San Luis Obispo County proposed charter is a Pandora’s box

April 17, 2022

OPINION by KYLA WORTHEN-HALL

If the April 5 San Luis Obispo County Board of Supervisors special meeting to discuss the proposed charter was a glimpse of what’s to come, should our county adopt a charter, then the future seems distressing.

A frequently voiced concern during public comment was the ability for county charters to be continually amended. That concern was validated as supervisors from both sides of the political aisle, the League of Women Voters, and the public, were all expeditiously vying for the chance to influence the board to address their issues by the proposed charter. Behavior that seems destined to exponentially proliferate should the charter pass and be subject to amending.

The conservatives desire the ability to call for a special election should another seat become vacant. Currently, as a General Law County, any midterm vacancy of an elected public official is filled by appointment of the governor. Dawn Ortiz-legg’s seat on the board was a result of a governor appointment.

The progressives objected to the proposed charter because of the estimated cost for the county for special elections, but only if they don’t get to attach it to an independent redistricting commission.

The League of Women Voters opposed the proposed charter because people are less likely to turn out for a special election, therefore a lesser percentage of the public would be voting and determining the outcome. Seems a bit of a self-inflicted ailment.

During public comment, certain individuals asked for safeguards to be added to the proposed charter. They cited examples of charters from around the state, some that have reduced the authority of their sheriff, others that had incorporated additional administrative offices or committees, all of which were appointed and all of which would compete with the direct relationship between the supervisors and the electorate.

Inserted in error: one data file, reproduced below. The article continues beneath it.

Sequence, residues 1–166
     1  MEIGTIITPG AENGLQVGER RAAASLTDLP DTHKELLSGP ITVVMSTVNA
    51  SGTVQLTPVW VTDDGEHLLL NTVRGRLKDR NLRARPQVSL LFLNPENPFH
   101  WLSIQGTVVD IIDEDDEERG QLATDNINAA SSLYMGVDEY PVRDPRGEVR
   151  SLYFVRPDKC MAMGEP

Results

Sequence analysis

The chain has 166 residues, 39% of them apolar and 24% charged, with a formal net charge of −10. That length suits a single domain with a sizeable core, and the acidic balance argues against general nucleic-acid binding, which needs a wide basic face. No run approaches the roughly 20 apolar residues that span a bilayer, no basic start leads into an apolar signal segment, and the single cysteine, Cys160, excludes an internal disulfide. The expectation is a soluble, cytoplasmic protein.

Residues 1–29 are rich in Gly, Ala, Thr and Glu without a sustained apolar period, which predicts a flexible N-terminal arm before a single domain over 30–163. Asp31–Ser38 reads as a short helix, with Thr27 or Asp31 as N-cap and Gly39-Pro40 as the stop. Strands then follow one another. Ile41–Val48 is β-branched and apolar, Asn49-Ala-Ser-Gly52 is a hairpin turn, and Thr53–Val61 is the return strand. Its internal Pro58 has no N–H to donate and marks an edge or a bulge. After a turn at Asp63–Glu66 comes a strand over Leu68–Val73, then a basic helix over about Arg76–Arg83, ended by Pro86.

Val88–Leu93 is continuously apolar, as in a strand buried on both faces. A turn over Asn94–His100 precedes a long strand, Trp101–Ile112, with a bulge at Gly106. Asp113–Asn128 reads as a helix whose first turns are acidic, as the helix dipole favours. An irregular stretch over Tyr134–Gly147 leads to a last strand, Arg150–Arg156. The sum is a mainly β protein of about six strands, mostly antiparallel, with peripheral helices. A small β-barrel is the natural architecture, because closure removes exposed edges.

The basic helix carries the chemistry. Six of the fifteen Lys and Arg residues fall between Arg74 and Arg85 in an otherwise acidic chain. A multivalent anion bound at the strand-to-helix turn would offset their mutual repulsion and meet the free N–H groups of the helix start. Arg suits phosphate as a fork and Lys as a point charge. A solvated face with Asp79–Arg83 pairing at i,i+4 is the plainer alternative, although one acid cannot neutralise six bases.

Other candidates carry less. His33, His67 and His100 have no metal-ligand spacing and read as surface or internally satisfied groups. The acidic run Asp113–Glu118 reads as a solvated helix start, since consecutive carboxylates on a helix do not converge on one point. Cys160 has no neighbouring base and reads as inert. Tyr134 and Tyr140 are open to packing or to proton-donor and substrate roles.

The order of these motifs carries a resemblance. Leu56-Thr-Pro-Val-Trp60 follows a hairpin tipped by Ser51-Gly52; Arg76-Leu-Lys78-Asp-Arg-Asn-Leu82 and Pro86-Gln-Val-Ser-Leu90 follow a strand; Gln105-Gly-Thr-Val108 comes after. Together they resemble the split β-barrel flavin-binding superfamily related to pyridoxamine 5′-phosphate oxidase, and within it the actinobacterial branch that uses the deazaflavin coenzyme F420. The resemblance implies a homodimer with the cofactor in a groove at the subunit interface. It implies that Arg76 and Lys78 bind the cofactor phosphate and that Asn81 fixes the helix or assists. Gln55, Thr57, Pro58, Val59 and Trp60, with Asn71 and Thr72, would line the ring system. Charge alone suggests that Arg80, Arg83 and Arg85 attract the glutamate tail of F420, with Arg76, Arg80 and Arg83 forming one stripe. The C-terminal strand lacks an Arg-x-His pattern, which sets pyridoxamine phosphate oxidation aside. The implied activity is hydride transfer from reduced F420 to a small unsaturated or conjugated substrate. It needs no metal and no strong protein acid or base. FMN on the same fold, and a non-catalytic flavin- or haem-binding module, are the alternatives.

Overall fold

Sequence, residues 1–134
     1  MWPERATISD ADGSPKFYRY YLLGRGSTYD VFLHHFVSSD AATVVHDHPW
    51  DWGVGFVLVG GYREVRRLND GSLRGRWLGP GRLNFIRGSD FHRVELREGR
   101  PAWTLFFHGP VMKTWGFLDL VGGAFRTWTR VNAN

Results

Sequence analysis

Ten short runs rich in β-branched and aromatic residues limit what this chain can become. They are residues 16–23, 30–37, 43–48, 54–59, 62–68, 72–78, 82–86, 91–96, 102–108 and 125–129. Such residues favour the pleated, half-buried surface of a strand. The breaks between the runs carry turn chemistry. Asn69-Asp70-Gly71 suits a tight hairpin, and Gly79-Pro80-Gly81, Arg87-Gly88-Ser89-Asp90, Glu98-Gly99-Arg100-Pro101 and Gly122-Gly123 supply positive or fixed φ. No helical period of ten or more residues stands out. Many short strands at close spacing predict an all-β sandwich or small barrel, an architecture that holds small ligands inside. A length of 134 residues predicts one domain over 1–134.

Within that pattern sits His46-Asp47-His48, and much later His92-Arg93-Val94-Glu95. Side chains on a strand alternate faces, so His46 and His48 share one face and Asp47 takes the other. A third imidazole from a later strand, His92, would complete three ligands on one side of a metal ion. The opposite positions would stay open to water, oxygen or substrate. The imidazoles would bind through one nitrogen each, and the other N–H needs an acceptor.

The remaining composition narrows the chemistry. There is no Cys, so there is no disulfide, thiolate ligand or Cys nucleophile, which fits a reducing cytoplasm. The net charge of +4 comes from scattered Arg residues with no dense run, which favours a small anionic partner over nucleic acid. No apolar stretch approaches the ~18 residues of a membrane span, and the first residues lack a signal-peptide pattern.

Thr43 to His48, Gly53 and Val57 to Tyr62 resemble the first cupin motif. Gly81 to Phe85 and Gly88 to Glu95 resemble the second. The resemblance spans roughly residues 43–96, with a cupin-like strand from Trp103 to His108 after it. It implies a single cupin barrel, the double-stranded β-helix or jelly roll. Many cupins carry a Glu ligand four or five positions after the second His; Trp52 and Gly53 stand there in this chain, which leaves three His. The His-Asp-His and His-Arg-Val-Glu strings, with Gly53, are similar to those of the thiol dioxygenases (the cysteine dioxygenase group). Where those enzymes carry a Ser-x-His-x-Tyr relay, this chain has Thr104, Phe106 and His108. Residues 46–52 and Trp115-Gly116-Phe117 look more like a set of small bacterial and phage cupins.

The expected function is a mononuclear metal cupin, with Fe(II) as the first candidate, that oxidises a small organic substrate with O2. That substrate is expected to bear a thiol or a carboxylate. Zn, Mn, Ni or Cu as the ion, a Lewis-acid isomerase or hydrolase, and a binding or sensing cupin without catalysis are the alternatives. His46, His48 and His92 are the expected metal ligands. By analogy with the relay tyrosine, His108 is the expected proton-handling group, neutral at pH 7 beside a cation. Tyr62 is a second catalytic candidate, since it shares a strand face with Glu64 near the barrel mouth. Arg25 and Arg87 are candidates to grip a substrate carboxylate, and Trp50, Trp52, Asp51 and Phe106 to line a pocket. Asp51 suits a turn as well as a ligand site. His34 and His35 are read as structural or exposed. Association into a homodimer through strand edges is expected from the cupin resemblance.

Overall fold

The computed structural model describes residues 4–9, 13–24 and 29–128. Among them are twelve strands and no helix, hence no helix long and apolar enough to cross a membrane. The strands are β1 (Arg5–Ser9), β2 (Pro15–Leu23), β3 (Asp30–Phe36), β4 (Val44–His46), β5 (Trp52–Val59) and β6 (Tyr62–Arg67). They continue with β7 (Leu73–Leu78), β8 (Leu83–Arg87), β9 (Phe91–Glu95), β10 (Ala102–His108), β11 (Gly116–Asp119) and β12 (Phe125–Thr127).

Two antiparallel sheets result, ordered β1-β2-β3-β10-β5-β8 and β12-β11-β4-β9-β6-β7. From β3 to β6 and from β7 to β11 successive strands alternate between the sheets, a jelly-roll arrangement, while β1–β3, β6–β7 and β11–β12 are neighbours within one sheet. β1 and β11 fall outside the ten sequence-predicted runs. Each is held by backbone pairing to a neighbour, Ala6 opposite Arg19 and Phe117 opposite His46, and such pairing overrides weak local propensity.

County counsel didn’t seem to share the public’s concerns as they rebuffed the requested safeguards. County counsel didn’t see a need to mention the role of the sheriff and voiced doubt as to the legality of adopting a four-fifth’s vote by the board of supervisors to pass an amendment. Correspondingly, however, a two/third’s supermajority is required by both legislative houses to amend the state Constitution.

The coming May 17 meeting will be significant to the fate of our county. Will the benefit of sidestepping future governor appointments outweigh the risks of opening up the county to a train of special interest-driven amendments from all sides of the political spectrum, for years to come? Will our county be set on a course of whiplash as we perpetually rewrite the rules to suit whichever party holds the majority?

Hopefully, people will express concern to their supervisors before the next meeting. May the first line in the forward of San Bernardino County’s Charter serve as a warning: “The story of San Bernardino County’s Charter before 1913 was the campaign for its adoption. The story after 1913 has been one of campaigns for its amendment.”

Kyla Worthen-Hall moved to SLO County eight years ago. She currently lives in Templeton.


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kayaknut

If you believe this you probably also thought legalizing marijuana wasn’t going to create any problems and solve all of government’s money problems.


Niles Q

In’t the cost of a special election paid by taxpayers, paid to the County Elections Office, a taxpayer funded agency? So whatever money they pay for a special election goes back to the County Elections Office. Why would they worry about costs? It’s like taking money out of one pocket and putting it in another pocket, isn’t it?


Jorge Estrada

Sacramento is avoiding accountability to County wants and wishes, to the extent of promoting the term, “Self Help Counties”. The State wants less fiscal obligation to it’s Incorporated Counties and expects that each county will generate new revenue streams to fund themselves. Yes, we pay state taxes and they want to keep it, all the more reason to never allow our local government to be compromised by state appointments. This reasoning has nothing to do with partisanship, this is about maintaining our ability to have upward oversight.